WASHINGTON, DC – The Environment Subcommittee, chaired by Rep. John Shimkus (R-IL), today advanced legislation that seeks to bring greater investment in the country’s aging drinking water infrastructure as well as facilitate compliance for our drinking water delivery systems. H.R.___, the Drinking Water System Improvement Act passed #SubEnvironment by voice vote.
Drinking water is delivered across the country via one million miles of pipes owned by both private and public water systems. Many of these pipes were laid in the early to mid-20th century with a lifespan of 75 to 100 years. While drinking water quality remains high across the country, improvements can be made to the nation’s drinking water infrastructure.
- Authorize $8 billion over 5 years for the drinking water revolving loan fund program.
- Open the eligible uses of Drinking Water State Revolving Loan Fund to now cover costs associated with preconstruction activities and replacing or rehabilitating aging treatment, storage, or distribution facilities.
- Create a strategic plan to have an electronic system that allows water utilities to send their compliance data to states and states send it to EPA.
- Reauthorize funding for voluntary source water protection programs.
- For more information on the bill, click here.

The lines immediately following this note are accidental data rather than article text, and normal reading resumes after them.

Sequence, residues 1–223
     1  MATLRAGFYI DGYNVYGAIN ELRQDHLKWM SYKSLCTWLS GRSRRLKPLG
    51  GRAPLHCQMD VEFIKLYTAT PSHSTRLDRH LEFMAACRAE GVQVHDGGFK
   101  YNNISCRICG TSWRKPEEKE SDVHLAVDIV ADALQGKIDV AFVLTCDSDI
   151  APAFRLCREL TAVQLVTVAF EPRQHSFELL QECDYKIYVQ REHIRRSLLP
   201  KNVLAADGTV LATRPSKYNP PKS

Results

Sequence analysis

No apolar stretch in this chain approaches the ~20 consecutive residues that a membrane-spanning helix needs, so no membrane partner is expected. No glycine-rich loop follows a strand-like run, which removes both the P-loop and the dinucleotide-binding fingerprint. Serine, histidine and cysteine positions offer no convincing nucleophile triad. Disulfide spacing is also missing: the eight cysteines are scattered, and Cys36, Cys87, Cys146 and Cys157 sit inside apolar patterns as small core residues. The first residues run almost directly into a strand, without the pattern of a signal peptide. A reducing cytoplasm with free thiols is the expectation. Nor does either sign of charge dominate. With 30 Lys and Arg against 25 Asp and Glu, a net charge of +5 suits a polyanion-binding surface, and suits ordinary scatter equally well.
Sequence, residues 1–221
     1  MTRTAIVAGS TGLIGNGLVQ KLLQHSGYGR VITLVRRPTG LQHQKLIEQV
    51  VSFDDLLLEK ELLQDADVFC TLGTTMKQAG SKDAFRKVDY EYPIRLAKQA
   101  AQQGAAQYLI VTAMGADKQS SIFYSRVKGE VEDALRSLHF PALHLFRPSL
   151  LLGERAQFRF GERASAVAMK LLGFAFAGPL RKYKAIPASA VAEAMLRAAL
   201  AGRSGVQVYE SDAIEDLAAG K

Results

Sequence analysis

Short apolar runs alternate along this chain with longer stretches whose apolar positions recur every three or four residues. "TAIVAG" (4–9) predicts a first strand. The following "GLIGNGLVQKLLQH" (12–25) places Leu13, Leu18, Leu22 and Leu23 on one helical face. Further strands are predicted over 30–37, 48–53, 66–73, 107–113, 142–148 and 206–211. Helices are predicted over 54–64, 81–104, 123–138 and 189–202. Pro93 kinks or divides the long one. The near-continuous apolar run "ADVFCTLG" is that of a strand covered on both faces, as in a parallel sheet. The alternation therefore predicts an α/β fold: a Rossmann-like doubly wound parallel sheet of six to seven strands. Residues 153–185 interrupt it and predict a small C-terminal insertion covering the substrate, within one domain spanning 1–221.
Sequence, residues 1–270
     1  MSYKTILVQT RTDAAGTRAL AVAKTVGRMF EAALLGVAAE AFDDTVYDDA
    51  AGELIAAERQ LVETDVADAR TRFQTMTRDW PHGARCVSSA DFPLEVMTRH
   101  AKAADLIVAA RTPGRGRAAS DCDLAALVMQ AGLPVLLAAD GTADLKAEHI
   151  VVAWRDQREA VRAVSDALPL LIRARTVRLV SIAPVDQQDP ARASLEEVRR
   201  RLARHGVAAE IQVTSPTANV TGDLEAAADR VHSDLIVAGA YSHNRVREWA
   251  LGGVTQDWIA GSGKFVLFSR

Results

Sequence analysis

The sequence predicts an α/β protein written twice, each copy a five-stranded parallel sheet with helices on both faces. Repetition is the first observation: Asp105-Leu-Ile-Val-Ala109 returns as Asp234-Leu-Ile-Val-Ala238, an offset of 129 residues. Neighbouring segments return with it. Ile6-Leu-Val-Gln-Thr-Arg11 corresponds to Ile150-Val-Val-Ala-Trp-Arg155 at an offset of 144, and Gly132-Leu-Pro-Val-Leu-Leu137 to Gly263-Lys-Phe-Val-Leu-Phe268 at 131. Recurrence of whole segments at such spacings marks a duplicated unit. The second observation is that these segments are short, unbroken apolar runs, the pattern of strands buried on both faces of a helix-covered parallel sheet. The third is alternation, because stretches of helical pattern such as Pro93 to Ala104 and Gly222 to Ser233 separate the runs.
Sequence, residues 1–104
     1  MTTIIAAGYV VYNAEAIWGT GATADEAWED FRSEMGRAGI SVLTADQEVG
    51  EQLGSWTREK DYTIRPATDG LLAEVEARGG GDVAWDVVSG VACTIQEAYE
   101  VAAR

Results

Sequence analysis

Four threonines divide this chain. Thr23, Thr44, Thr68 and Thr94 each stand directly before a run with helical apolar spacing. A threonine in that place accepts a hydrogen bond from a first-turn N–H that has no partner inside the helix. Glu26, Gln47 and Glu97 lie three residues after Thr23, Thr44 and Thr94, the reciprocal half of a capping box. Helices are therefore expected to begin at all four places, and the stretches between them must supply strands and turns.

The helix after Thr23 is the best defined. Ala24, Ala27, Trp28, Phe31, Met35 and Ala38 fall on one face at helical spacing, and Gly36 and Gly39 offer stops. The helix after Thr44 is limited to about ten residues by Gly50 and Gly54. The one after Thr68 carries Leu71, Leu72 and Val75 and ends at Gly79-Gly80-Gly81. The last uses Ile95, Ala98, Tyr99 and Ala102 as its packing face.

Chairman Shimkus reads through his opening statement
“When we began this Congress, one of the things we committed to do was to use our authority to authorize programs under our jurisdiction. The last reauthorization for the Safe Drinking Water Act was 1996, so it is high time we revisit and update the provisions of this act,” said Chairman Shimkus. “There are many good provisions in this bill. This is the type of good bipartisan work we like to do here at the Energy and Commerce Committee.”
Chairman Walden and full committee Vice Chairman Joe Barton (R-TX) discuss the legislation
Full committee Chairman Greg Walden (R-OR) concluded, “Today’s markup takes a bold step forward in addressing the challenges facing our aging drinking water delivery systems and supporting the American workforce that is working every day to rebuild our infrastructure. This legislation can and should be a win for drinking water utilities, U.S. taxpayers, states, American workers, and most importantly American consumers.”
For a breakdown of the bipartisan Manager’s Amendment, click HERE.
An electronic copy of the bill, background memo, amendment text and votes can be found on the Energy and Commerce Committee’s website HERE.